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Psychanalysis vs. Psychotherapy

My work is based on the psychic survival of the person or on her harmonious intrapsychic development. I am going to share here the major points that differentiate, in my opinion, psychoanalysis and psychotherapy.

 

Psychoanalysis: the Subject

  • uses free association
  • experiences his "unconscious"
  • pays attention to his dreams and his fantasies
  • identifies his drives and defense mechanisms
  • understands that his suffering has meaning and that sometimes, the body begins to speak
  • becomes an analysand during the treatment.

To spontaneously say everything that comes to the mind and do nothing –the "talking cure"- is facilitated by lying on the couch, though some patients will shun it, as if it were endowed with some power... The psychoanalyst does not encourage small talk, which does not mean he is silent.

The space-time of the analytical framework is subject to a process of "co-thinking" (cf. D. Widlocher), "co-creating" (cf. Winnicott) during the session.

"Normality" does not exist, the analysand is a Subject. Obviously, this is to modulate, especially with psychotic Subjects whose sufferings are expressed in different ways, unfortunately ill-adapted to modern society.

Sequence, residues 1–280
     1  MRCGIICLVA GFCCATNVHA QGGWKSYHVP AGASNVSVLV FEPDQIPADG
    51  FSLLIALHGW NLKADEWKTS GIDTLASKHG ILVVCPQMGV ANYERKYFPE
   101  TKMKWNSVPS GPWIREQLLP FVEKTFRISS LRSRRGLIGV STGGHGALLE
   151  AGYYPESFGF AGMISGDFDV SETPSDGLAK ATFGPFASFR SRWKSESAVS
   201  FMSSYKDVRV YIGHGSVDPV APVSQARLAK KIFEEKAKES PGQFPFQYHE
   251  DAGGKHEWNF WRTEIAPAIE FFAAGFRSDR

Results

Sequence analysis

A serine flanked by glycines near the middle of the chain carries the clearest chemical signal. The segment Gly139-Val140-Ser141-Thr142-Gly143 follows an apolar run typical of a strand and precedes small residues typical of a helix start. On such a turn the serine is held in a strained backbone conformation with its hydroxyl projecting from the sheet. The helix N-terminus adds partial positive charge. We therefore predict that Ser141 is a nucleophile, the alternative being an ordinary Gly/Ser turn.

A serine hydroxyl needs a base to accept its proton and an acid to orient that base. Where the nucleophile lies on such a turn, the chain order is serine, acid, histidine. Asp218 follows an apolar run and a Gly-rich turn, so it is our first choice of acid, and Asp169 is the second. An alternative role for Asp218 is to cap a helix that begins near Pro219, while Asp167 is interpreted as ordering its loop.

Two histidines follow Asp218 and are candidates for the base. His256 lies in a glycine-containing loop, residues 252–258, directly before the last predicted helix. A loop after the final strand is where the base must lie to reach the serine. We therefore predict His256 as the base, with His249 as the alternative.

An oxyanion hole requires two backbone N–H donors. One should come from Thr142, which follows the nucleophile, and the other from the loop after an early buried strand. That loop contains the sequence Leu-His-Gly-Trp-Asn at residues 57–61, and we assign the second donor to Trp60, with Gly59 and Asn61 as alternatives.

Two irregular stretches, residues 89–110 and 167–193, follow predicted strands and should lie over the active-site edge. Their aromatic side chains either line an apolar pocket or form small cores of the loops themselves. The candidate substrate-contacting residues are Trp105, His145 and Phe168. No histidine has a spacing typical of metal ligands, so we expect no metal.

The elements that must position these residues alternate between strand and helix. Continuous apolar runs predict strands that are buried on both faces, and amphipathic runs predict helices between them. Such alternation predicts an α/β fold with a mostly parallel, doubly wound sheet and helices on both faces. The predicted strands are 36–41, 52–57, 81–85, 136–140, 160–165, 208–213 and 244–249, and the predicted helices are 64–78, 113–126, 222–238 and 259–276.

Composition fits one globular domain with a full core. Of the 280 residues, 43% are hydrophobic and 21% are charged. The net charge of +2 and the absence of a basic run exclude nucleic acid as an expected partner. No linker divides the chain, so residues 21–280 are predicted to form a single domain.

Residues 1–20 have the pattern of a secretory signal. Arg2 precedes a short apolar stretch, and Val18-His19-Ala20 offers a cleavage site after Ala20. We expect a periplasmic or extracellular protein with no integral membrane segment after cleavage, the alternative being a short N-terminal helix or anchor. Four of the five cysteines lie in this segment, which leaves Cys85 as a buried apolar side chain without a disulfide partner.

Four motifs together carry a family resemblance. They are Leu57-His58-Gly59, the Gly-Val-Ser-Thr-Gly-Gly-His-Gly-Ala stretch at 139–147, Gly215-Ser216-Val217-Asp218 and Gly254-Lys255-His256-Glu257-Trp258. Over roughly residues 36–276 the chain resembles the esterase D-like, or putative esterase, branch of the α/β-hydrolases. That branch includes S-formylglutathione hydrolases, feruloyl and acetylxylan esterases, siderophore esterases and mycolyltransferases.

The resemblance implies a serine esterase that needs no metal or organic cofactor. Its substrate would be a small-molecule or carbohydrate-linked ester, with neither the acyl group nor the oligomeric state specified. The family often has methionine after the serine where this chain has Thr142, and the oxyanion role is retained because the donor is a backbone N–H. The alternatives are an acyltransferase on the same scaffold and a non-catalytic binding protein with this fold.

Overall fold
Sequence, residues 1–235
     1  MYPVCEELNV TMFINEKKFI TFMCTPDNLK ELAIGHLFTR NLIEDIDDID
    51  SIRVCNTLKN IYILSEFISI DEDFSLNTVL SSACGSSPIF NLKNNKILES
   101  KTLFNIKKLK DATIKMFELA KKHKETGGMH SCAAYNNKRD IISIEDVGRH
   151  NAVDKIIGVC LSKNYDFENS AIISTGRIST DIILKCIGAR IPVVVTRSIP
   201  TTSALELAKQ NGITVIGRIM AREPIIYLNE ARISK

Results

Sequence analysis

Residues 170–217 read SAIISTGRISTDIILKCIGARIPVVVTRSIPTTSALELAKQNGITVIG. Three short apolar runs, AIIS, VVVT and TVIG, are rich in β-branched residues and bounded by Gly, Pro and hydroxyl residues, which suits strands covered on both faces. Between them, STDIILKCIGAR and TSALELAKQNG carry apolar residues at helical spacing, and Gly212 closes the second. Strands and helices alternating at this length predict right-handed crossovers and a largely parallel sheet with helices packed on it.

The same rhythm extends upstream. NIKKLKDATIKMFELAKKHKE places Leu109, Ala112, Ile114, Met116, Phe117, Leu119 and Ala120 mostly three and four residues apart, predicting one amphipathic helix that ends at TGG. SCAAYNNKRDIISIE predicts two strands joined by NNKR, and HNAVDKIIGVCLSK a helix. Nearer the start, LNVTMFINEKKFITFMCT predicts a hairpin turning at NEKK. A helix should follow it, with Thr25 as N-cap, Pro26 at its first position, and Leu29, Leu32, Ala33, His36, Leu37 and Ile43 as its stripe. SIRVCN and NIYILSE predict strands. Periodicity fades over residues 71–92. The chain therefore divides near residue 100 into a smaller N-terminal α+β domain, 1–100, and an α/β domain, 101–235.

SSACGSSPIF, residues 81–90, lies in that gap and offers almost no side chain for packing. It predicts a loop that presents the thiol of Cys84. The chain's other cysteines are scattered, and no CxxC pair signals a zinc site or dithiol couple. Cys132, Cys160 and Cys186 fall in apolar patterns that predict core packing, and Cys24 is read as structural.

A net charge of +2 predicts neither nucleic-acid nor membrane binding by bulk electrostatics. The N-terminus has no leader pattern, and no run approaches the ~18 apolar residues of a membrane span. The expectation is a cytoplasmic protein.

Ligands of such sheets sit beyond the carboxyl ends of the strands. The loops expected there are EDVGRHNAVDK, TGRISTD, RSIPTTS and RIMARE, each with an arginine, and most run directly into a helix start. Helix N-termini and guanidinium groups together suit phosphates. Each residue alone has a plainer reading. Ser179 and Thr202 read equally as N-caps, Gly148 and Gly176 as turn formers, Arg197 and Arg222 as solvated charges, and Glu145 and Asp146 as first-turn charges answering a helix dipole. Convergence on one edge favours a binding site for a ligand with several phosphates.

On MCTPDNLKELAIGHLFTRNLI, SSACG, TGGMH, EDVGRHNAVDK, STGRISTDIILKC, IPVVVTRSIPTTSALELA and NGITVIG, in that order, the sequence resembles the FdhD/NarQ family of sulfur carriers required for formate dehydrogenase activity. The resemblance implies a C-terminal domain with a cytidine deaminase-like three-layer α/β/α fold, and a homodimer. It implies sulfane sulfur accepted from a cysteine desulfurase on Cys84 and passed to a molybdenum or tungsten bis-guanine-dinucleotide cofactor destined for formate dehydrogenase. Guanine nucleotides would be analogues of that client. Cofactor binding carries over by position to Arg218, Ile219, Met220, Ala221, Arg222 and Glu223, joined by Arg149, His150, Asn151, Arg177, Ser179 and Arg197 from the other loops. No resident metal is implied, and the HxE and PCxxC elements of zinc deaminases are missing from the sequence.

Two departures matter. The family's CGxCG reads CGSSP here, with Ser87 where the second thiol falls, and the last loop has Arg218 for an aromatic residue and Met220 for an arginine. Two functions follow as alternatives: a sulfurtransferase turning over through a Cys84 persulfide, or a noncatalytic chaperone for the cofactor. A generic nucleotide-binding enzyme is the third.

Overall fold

Psychotherapy: the person

  • builds a narrative of his suffering
  • rationalizes his personal experiences
  • relies mainly on the therapist's understanding, advice and judgement
  • focuses his attention on the symptom that motivates his request, without exploring further meaning and inner conflicts
  • avoids, unknowingly, being aware of his repetitions and psychic mechanisms
  • does not explore his childhood sexual experiences or archaic memories.

Because of its very nature, psychotherapy is shorter than psychoanalysis, although it may extend over a long period. It is an approach whose goal is clearly defined at the outset: to eradicate a symptom (the target). The subject seeks aid that is not apparently neutral.

 

 

The major difference in my opinion is:
· the therapist uses the patient's wishes, his motivation and will to change,
· the analyst relies on the person's desire.
Motivation does not lead to action because it is subordinated to what is beyond consciousness. The unconscious is not self motivated, it is desiring.